Different Pizza Types in Italy – What’s Your Favorite?

Ask me what my favorite pizza types in Italy are and I’ll have problems answering. From Neapolitan to the Roman pinsa, there are many types of pizza in Italy that you can tuck into during your holiday.

Are you looking for a restaurant experience or do you need a bite to grab and eat on the go while sightseeing in Rome? In this easy guide, I will lay out all the differences and types of pizza in Italy so that you know what to expect from the country’s most famous dish and how to choose your next meal.

Image: Types of pizza in Italy.

Pizza napoletana, one of the most famous pizza types in Italy

Slightly chewy and with a puffy edge (cornicione), Neapolitan-style pizza is one of my absolute favorites. Juicier and softer than the Roman counterpart, pizza napoletana is one of the most famous Italian foods and has earned a reputation as the pizza prototype in Italy.

Neapolitan pizza is highly hydrated, which is also why the final result is light and soft. This type of Italian pizza is cooked in very high temperatures for only 60 to 90 seconds, giving it the typical succulence that makes it such a favorite.

The edge is really what sets apart the Neapolitan pizza from all the other pizza types in Italy. It’s known as “cornicione” and it’s soft and chewy. The gluttony among us likes filling it with ricotta or dipping it in tasty sauces.

Image: Naples style is one of the pizza types in Italy.

Pizza romana, a thin and crunchy type of Italian pizza

Its crunchy and thin dough earned pizza romana the moniker of “scrocchiarella”. I often eat pizza in Rome and like to alternate between Neapolitan and Roman because they are both delicious.

In the Roman pizza, what we call “cornicione”, meaning the puffy edge you see in the Neapolitan style, is basically non-existent.

This type of Italian pizza is cooked at around 400°C, so less hot than the Neapolitan pizza and for longer to give time to dry out and become crunchy.

Image: Roman-style one of the types of pizza in Italy.

Pinsa, the old Roman-style pizza

Even though it’s mainly served in Rome, pinsa is one of the pizza types in Italy worth knowing. You will find the pinsa in many places in Rome both as street food to grab and eat on the go and also to enjoy sitting at a table like you would do for a regular round pizza.

One of the best pinsa in Rome is served by Pinsere in the Sallustiano neighborhood and by Pratolina in two manners, one as street food in the Trionfale area and one restaurant-style in Prati.

You will quickly see the difference between pinsa and the other pizza types in Italy because pinsa has a characteristic oval shape. Its name, in fact, comes from the Latin term “pinsere” which means “to stretch”. Made with a mix of different flours, it’s crunchy on the outside and tender inside.

Pizza fritta, a Neapolitan treat

Fried pizza is also a type of Neapolitan pizza. It’s served as street food and it’s a delicious and hearty snack.

As history goes, Naples’ pizza fritta originates from the creativity of the residents in the postwar period when poverty was widespread. The local women would put bricks and fire on the street and fry the sourdough in oil.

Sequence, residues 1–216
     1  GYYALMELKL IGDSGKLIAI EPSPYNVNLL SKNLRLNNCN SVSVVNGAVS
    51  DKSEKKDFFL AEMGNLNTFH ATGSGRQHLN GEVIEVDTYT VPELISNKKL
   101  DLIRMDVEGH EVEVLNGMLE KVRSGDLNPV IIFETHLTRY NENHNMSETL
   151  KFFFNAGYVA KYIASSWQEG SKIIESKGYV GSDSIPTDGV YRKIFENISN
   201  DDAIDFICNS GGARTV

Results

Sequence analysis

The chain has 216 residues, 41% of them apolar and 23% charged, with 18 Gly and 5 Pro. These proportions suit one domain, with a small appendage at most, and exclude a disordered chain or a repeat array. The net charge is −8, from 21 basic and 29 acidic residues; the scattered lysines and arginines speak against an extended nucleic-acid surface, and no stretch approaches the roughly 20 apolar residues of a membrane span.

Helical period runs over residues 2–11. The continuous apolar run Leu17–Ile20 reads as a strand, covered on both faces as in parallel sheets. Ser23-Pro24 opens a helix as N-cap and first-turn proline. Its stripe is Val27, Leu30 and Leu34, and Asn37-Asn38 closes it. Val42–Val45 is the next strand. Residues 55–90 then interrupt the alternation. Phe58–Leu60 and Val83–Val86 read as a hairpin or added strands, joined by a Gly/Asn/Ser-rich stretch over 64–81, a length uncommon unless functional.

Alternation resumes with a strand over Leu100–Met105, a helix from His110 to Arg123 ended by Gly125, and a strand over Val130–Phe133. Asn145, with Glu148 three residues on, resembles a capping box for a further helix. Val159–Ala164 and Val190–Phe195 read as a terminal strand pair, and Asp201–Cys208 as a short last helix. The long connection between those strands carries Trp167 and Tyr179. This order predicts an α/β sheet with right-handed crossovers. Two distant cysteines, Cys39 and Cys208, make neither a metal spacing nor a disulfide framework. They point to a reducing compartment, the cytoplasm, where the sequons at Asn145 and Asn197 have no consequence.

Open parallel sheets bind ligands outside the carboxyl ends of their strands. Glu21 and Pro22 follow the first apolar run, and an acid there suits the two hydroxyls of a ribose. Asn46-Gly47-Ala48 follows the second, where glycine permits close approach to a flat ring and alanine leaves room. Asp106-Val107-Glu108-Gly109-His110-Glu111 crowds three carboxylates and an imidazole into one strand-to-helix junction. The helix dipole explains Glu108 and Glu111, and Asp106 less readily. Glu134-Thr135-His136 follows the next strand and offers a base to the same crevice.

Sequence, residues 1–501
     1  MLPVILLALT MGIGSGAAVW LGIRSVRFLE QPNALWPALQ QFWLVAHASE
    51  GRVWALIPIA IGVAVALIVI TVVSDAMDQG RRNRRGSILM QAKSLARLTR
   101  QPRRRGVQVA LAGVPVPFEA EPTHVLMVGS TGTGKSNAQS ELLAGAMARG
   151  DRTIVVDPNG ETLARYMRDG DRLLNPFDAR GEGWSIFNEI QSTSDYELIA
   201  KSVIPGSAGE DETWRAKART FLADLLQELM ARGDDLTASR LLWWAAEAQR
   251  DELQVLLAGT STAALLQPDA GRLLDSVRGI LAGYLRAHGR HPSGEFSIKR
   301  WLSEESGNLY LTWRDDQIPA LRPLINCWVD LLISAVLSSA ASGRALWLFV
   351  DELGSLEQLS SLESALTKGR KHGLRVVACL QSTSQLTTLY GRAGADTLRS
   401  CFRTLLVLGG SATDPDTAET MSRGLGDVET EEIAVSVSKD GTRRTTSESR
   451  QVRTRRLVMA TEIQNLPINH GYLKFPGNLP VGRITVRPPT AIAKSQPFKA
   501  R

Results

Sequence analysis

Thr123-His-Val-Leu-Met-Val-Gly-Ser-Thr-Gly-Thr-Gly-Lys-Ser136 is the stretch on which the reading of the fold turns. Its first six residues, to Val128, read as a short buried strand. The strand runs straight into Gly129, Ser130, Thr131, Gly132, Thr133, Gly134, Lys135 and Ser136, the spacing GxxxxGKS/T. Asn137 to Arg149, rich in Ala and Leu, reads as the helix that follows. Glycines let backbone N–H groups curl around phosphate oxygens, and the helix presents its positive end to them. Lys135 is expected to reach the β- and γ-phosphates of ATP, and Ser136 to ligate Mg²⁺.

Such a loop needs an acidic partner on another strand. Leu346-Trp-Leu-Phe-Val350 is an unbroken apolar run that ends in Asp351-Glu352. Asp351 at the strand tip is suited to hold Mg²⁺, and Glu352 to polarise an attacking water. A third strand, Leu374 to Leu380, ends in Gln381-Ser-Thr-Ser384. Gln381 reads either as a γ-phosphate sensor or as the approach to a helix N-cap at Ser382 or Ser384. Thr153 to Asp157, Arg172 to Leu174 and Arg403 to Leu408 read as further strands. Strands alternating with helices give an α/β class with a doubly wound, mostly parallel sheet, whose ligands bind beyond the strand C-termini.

Today, you can enjoy fried pizza stuffed with different ingredients such as cheese, ricotta, and veggies.

Image: Fried pizza one of the pizza types in Italy.

Pizza al taglio, the best street food in Italy

This is one of the types of pizza in Italy that you can find in all the Italian regions. One of the favorite street foods, it makes for a perfect lunch when you want to save time and money.

When you enter any pizzeria al taglio, you will be spoiled for choice. The ingredients making the toppings vary and adapt to any taste and preference, including vegetarian and vegan. Some of the most common toppings for pizza al taglio would be mushrooms, anchovies, tomatoes, mozzarella cheese, cold cuts like ham and salami, and different types of seasonal veggies such as zucchini and eggplant in summer, or pumpkin and broccoli in winter.

The best pizza al taglio will be the one with fresh and seasonal toppings. In Rome, we love Bonci’s Pizzarium near the Vatican Museums because their toppings are ever-changing, guaranteeing freshness and high quality.

Image: Typical pizza al taglio in Italy.

Pizza alla pala, a Roman invention

With pizza alla pala, we mean a type of pizza that is put in the oven on a longer tray. This is a Roman invention and very popular in the capital.

The difference with most of the other types of pizza in Italy is precisely the tray used to place the dough in the oven, longer and rectangular as opposed to the common round plate. This makes the pizza thinner and crunchier and is usually prepared with less water and a smaller amount of yeast.

Image: Wooden oven for pizza al forno a legna in Italy.

Forno a legna (wood oven) vs forno elettrico (electric oven)

Even though pizza cooked in a wood oven is highly regarded as better than that made in the electric oven, lately the latter is living quite the revival.

Pizza made in the wood oven (forno a legna) reminds us of tradition and old times, it almost gives us a romantic feel. Admittedly, the taste of pizza cooked in a wood oven is unmistakable: fragrant and hearty.

So why are many pizza chefs swearing on the electric oven? Because, apart from the new European rules limiting the construction and use of new wood ovens, they state that when the dough is made properly using natural sourdough yeast, the flour and the toppings used are high-quality, and the cooking time is followed religiously, the result is an excellent one.

In Italy, I have eaten pizza cooked in both ways and when it’s well-made, you can hardly notice the difference.

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